Friday, September 16, 2011

De-compartmentalizing Parenting


I remember watching Super Nanny a few years ago telling a “mum” that her daughter was lying to her about her aches and pains. The nanny tells the mom she needs to explain to the daughter that lying is wrong. I was dumbfounded by the mother’s reaction…
“You want me to talk to her about lying?? But… she’s four!
It got me thinking about the many many issues that come with raising children. We all have our beliefs when it comes to the wrongs and rights of child rearing. It seems as though today’s parent has compartmentalized parental responsibility to the community at large. Teachers, doctors, social workers etc. can contribute to the wholesomeness of a child.  These community positions are valuable in our society, and add to building a society of mature individuals needed for tomorrow’s future….but, have we compartmentalized parenting to the point that we can’t explain the concept of lying to a four year old? Do we need a social worker/super nanny to tell us, or teach our children the basics of this very common issue?
I see so many examples of compartmentalized parenting today, and as a child I experienced it a bit myself. Education for example, was the school’s responsibility. My father was not actively involved in my education. I had little, if any guidance on what classes I wanted to pursue in high school. Fortunately, I was very smart, and had a good head on my shoulders. I was able to choose classes, with a guidance counselor, and I ultimately graduated with good marks. If there is a one area of compartmentalization that stands out, I would have to recognize instilling respectful social behavior in children has been largely neglected.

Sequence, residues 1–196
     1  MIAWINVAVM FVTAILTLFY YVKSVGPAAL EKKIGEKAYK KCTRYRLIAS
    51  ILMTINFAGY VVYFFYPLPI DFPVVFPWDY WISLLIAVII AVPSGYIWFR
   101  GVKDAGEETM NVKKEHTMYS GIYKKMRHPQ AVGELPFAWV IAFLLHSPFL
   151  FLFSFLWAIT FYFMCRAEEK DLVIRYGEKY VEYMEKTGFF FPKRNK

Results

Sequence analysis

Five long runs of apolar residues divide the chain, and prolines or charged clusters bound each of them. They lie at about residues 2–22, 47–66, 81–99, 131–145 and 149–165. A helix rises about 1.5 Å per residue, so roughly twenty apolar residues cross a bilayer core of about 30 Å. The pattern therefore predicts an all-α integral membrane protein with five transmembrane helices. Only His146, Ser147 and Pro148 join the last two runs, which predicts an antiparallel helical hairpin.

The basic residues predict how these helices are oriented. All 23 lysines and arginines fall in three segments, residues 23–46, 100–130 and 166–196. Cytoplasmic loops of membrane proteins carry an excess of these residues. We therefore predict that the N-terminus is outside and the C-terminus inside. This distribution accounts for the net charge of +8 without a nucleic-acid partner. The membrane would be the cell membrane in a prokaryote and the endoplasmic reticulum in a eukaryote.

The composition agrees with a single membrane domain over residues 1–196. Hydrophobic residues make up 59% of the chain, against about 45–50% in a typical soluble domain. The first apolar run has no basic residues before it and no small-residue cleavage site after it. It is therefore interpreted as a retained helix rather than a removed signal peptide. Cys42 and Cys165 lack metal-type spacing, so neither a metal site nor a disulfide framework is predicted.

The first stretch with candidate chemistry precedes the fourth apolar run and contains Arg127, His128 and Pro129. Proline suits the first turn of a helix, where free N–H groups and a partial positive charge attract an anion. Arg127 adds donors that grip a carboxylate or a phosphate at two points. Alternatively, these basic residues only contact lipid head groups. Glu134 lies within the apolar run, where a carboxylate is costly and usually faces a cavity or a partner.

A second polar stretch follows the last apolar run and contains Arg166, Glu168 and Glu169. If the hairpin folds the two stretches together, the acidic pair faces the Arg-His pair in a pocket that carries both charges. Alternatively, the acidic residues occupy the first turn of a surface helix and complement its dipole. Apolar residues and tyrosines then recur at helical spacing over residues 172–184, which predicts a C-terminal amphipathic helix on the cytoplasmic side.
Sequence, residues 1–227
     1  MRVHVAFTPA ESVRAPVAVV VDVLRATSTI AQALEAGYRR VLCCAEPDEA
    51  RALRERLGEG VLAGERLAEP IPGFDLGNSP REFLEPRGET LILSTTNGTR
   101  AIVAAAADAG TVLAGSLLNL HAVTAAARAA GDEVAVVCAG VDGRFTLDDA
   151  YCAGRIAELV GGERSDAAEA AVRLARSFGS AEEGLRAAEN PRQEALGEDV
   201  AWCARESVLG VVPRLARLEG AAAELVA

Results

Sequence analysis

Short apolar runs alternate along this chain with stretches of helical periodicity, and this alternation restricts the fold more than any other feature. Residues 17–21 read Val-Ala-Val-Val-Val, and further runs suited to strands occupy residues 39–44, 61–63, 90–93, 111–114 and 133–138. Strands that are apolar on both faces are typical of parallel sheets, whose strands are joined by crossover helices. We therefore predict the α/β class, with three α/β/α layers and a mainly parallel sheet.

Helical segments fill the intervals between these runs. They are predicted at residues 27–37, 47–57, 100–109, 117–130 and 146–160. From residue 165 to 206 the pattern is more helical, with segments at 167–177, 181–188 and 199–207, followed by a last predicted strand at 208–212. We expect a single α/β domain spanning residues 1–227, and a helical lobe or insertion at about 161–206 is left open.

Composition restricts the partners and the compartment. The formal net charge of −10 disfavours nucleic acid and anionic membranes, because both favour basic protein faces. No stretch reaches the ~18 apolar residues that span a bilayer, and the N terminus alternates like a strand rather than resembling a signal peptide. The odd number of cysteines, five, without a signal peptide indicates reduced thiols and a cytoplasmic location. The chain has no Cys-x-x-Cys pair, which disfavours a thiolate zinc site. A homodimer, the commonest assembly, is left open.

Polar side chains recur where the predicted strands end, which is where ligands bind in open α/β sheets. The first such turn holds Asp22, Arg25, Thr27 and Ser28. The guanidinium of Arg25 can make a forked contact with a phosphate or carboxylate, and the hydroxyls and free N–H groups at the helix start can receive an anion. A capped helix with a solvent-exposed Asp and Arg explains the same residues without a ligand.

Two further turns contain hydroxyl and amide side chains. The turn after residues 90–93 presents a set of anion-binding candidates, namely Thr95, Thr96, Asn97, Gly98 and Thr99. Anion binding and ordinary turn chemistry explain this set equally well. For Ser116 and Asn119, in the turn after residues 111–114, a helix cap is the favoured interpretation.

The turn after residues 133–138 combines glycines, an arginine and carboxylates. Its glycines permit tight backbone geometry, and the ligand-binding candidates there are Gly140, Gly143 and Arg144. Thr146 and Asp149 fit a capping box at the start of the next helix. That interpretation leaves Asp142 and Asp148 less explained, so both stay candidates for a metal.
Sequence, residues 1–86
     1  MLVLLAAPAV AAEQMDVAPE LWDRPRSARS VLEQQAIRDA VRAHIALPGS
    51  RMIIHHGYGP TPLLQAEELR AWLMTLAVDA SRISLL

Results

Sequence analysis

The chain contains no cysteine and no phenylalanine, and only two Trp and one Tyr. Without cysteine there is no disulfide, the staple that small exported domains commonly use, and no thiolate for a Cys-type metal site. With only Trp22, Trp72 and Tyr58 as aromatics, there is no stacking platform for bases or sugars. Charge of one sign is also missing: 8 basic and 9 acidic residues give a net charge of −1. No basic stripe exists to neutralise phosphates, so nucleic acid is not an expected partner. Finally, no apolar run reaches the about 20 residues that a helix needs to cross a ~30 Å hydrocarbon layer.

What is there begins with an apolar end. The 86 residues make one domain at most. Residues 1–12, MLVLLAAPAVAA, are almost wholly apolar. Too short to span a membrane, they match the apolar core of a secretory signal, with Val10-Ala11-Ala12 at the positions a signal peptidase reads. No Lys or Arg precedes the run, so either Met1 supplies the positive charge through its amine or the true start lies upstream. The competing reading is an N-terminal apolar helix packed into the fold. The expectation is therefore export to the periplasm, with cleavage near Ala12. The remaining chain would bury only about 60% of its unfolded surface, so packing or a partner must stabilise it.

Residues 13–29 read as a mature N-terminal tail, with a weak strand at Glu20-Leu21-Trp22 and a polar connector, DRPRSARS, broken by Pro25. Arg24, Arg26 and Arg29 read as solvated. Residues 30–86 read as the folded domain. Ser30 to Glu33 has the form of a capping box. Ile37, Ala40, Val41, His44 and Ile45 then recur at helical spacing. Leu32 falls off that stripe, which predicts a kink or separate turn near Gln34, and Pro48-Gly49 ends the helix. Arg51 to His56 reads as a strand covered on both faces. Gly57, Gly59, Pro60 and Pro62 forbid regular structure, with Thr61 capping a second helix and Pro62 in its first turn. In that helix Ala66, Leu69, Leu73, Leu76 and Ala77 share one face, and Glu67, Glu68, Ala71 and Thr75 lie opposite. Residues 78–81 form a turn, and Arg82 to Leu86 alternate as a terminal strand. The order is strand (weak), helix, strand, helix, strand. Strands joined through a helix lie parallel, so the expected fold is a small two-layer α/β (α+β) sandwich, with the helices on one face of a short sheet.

My children’s school year started with a theme…stop bullying behavior. I’ve received several pieces of information along with some home work activities outlining bullying behavior…here’s a tidbit of what I received…
Emerging bullying behavior – Eye rolling, dirty looks, name calling, comments, teasing
Escalating bullying behavior – Throwing things, pushing, shoving, poking, gossiping, spreading rumors etc.
Call me crazy, but isn’t this common sense? Why does a school need to print a glossy brochure outlining the basics of disrespectful behavior with potentially harmful consequences? Have we become unaccountable bystanders when it comes this very commonplace behavior?
I do applaud my school for taking the bull by the horns. I think the brochure says it best…
Myth #5 – Anti-bullying programs and laws are the most effective response to bullying.
(Answer) Programs and laws can be helpful in addressing bullying, but it is essential to create a culture of care in which bullying cannot exist. 
There is not a doubt in my mind that the “culture of care” begins at home.

2 comments:

  1. I was picked on relentlessly in jr high and it carried over slightly to high school but it is only now that I recognize that it was bullying and a little irked no one did anything.

    I was sullen and moody and a little anti social because of it, that said, it also made me a stronger, healthier adult and I learned a lot about myself because of it.

    I am glad that there are programs in place and I do wish they were there then but I wonder what I would be like now...

    ReplyDelete
  2. I was picked on as well. I wore hearing aids as a child, so you can imagine the teasing I received.

    I think the teasing, taunts etc. are too underrated. I truly believe parents need to be more proactive in teaching respectful behavior in children. I see way too much disregard for another's space/feelings. It's becoming a societal norm or acceptable way for children to behave.

    The problem is in the consequences, while children like you and I have learned to overcome our situations, many others cannot handle the harm teasing causes.

    ReplyDelete

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